Twenty years after the Sept. 11 attacks, many veterans of the war on terror are feeling a renewed sense of grief and anger.
The hasty U.S. withdrawal from Afghanistan, and the return of the country to Taliban control, have exacerbated the trauma they feel on the anniversary of the assault on the American homeland.
“People are feeling it acutely right now,” says Dr. Shelley Amen, a psychiatrist who works with veterans. “They’re feeling a deep sense of betrayal in a lot of ways.”
The Veterans Crisis Line, run by the U.S. Department of Veterans Affairs, began reporting a sharp uptick in calls and texts after the fall of Afghanistan. As Sept. 11 has drawn closer, many veterans say that an already difficult date on the calendar has been made worse by renewed questions about whether the war in Afghanistan was worth it.
They are haunted by the uncertainty of what comes without a U.S. presence in the country.
“The truth is, I can’t get around the fact that I absolutely believe that something bad is going to come back out of that country in the next seven to 10 years,” says Tom Amenta, a U.S. Army veteran who served two tours in Afghanistan.
When soldiers like Amenta first deployed, their mission was explicitly clear. “We had a high-value target list of people that were directly responsible,” he says. “We were going to find them and we were going to either capture or kill them. That was it.”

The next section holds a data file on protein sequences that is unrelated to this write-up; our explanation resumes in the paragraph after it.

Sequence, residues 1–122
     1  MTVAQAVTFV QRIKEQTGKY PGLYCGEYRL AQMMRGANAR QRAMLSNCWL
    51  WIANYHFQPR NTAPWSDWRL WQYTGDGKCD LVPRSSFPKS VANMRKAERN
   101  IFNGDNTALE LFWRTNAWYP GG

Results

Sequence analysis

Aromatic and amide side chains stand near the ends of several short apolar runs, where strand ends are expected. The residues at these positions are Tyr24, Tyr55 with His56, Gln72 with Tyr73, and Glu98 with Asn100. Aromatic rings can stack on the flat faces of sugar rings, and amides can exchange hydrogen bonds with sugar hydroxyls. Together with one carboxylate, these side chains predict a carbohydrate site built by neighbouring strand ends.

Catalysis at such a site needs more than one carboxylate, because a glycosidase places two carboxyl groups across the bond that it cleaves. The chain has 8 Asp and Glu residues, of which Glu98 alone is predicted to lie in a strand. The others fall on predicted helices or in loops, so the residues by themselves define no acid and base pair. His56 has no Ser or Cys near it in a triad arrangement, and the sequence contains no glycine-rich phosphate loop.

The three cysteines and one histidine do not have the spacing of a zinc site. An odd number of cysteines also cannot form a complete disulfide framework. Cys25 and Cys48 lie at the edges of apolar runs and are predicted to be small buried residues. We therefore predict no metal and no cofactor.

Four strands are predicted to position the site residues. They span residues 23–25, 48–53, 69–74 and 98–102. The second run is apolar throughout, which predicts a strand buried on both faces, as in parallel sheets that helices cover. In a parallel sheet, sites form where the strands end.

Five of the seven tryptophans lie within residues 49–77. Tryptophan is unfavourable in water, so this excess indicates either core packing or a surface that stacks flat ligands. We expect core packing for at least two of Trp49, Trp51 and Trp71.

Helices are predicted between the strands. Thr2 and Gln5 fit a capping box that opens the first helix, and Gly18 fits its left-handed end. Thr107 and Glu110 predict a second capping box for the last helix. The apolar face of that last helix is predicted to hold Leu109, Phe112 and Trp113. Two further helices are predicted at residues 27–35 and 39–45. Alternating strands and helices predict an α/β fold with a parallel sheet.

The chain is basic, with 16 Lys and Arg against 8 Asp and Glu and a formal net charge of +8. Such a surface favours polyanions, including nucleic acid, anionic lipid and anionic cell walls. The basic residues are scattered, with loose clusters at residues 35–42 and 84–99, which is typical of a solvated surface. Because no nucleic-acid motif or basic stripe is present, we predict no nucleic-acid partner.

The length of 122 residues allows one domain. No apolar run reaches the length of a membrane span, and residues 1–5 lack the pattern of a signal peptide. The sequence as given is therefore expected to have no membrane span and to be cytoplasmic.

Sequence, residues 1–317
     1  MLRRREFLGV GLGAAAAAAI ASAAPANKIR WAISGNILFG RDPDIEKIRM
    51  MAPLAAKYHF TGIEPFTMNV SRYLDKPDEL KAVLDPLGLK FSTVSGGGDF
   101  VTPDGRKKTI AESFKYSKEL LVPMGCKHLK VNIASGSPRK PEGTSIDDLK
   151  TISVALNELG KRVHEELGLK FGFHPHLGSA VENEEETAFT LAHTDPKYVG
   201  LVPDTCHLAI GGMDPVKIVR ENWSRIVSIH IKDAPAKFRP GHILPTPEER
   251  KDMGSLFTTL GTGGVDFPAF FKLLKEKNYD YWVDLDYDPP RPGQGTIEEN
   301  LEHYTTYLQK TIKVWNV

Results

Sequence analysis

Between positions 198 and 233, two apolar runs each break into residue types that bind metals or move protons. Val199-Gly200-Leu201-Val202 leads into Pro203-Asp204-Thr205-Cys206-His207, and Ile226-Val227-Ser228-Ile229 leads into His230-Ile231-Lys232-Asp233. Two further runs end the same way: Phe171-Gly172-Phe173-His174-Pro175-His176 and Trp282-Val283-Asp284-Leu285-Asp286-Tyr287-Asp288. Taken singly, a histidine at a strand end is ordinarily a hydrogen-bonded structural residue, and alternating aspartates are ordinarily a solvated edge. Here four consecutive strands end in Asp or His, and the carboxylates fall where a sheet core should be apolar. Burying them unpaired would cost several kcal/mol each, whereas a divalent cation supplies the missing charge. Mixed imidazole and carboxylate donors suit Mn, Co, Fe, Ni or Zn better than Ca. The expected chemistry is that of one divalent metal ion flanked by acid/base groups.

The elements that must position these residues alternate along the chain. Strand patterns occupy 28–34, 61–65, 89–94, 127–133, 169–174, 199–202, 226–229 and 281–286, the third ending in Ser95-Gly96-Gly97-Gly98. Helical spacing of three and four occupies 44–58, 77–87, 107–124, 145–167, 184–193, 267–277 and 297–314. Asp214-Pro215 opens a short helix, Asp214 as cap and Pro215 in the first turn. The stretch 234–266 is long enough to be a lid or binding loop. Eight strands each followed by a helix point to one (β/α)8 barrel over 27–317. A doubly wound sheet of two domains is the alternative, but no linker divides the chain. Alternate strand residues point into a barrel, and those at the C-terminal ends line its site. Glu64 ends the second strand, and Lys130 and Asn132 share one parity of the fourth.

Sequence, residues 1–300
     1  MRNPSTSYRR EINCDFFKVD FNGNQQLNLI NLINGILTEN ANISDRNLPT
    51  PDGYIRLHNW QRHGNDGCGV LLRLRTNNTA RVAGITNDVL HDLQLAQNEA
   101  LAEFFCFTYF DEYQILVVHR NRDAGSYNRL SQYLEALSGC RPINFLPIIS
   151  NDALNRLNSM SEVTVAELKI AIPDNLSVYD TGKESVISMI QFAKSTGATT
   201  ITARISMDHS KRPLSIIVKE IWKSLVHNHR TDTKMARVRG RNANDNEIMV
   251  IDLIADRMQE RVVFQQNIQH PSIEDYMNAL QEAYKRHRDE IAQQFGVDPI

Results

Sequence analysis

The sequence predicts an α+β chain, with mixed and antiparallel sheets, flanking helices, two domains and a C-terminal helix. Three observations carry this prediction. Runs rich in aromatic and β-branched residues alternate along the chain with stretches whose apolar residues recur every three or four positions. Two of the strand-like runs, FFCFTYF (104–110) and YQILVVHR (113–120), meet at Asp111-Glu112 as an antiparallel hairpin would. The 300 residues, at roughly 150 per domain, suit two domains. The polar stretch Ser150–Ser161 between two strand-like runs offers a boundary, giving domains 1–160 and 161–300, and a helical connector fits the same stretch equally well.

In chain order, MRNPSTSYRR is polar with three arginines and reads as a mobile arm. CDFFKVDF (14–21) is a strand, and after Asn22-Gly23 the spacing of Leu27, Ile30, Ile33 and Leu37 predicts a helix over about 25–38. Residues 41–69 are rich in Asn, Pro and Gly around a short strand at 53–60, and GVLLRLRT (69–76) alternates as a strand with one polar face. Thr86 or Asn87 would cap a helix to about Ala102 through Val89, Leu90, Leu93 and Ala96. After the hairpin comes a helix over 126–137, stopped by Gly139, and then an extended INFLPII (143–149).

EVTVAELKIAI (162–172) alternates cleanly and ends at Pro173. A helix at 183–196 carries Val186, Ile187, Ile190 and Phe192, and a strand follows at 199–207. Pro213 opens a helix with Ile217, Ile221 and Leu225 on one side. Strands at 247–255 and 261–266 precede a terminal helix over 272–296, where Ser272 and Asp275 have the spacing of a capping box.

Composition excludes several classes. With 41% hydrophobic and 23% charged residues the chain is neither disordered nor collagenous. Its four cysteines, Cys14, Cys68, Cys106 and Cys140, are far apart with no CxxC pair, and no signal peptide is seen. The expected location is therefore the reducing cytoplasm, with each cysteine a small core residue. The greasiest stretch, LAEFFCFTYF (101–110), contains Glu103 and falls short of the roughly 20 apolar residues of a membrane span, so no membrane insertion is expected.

After Osama bin Laden was found and killed by U.S. forces in Pakistan in 2011, The U.S. stayed in the country and attempted nation-building. Amenta argues the fundamental counter-terrorism mission was still successful. “The reality is that what we were tasked to do, we did for 20 years excellently.”
A looming sense of dread hangs over the families of soldiers killed in combat as well.
Jill Stephenson’s son Ben Kopp was 13 years old on Sept. 11, 2001. After watching the towers fall, he decided to serve his country and enlisted when he was old enough. He was killed in a firefight with the Taliban at the age of 21.
“I do not feel that my son died in vain. I think it’s important for me to make that clear,” Stephenson told Reuters in August.
She described watching the fall of Afghanistan as “sad and maddening,” particularly so close to Sept. 11.
“Rubbing salt into that wound for me is that it comes on the heels of the 20th anniversary,” she said.
Dr. Amen says she has spoken to several people who are seeing symptoms of post-traumatic stress disorder “flare up,” ahead of the anniversary.
“They have the honor of their service and that no one can take that away from them,” she said.
She implored veterans to approach the date with an action plan for their own mental health and wellbeing. “Have something set on your calendar, maybe have a couple of phone numbers in your pocket of people that you can call,” she suggested. “Healing is possible.”
Despite his concern about Afghanistan becoming a future breeding ground for terrorism, Tom Amenta has found comfort by focusing on the success of the U.S.-led mission, and his own personal service.
He recently co-authored The Twenty Year War, interviewing fellow veterans from the war on terror to document their stories.
“We kept the world safe,” he said. “Not just Americans, but Canadians, the Aussies, everyone in NATO, everybody who stepped into that country and said 9/11 will not happen again.”